Abstract: Sales of privately-owned plug-in electric vehicles (PEVs) are projected to increase dramatically in coming years and their charging will impact residential service transformer loads. Transformer life expectancy is strongly related to the cumulative effects of internal winding temperatures, which are a function of loading. Thermal models exist (e.g., IEEE Standard C57.91) for predicting these internal temperatures, the most sophisticated being the Annex G model. While this model has been validated with measurements from large power transformers, small residential service transformers have been given less attention. Given increasing PEV loads, a better understanding of service transformer aging could be useful in replacement planning processes. Empirical data from this paper indicate that the Annex G model over-estimates internal temperatures in small 25 kVA 65 °C rise mineral-oil-immersed transformers. This paper presents an alternative model to Annex G by using a genetic program. Empirical results using a thermally-instrumented transformer suggest that this model is both simpler and more accurate at tracking empirical transformer data. We conclude that one can use a simple thermal model in combination with data from advanced metering infrastructure to more accurately estimate service transformer lifetimes, and thus better plan for transformer replacement.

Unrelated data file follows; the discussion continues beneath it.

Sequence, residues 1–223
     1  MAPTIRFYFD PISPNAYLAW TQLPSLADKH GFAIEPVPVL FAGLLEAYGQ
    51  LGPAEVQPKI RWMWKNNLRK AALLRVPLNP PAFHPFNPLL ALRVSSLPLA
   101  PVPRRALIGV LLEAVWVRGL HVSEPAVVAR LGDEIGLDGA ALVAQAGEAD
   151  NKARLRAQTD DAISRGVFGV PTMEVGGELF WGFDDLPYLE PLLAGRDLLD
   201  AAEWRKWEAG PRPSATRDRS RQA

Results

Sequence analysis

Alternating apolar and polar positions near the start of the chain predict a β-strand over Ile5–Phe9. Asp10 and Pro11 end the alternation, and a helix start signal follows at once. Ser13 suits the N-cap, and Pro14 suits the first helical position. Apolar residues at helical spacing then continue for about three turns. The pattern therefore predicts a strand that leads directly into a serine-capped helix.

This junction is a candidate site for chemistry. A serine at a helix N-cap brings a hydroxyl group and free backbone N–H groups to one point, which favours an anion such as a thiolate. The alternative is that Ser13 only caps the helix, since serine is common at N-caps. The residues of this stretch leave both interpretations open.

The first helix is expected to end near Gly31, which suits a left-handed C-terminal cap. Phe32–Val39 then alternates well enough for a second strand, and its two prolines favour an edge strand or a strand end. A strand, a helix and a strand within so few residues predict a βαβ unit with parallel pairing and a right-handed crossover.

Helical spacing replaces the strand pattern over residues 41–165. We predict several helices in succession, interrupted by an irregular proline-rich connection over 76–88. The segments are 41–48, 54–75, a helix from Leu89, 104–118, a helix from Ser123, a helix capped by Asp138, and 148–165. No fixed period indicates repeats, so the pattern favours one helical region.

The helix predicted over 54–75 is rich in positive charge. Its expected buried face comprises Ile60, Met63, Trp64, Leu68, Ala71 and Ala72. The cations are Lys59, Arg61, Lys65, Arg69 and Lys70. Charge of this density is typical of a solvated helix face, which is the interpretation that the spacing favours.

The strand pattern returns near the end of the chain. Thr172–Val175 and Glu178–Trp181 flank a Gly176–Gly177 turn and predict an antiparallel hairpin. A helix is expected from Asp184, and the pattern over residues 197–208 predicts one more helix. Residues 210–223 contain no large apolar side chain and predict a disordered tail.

Abstract: While there are a number of useful studies on the greenhouse gas impacts of transportation electrification, only recently have researchers begun to understand the impacts of electricity on electric power infrastructure. Thus, the primary goals of this research project were to understand these impacts in detail and to develop new methods for reducing the impact of transportation electrification on the electricity transmission and distribution infrastructure. In particular, this report focuses on understanding and mitigating the impact of transportation electrification on the medium and low voltage distribution infrastructure, through which electricity is transported from the bulk power grid, through neighborhoods, to individual homes and businesses. This project focused specifically on the impacts of electric vehicles on two key components of power distribution systems: residential service transformers, and underground cables. This project also studied new methods to dynamically adjust the number of electric vehicles that are charging simultaneously, in order to mitigate the risk of electricity infrastructure damage from electric vehicle charging.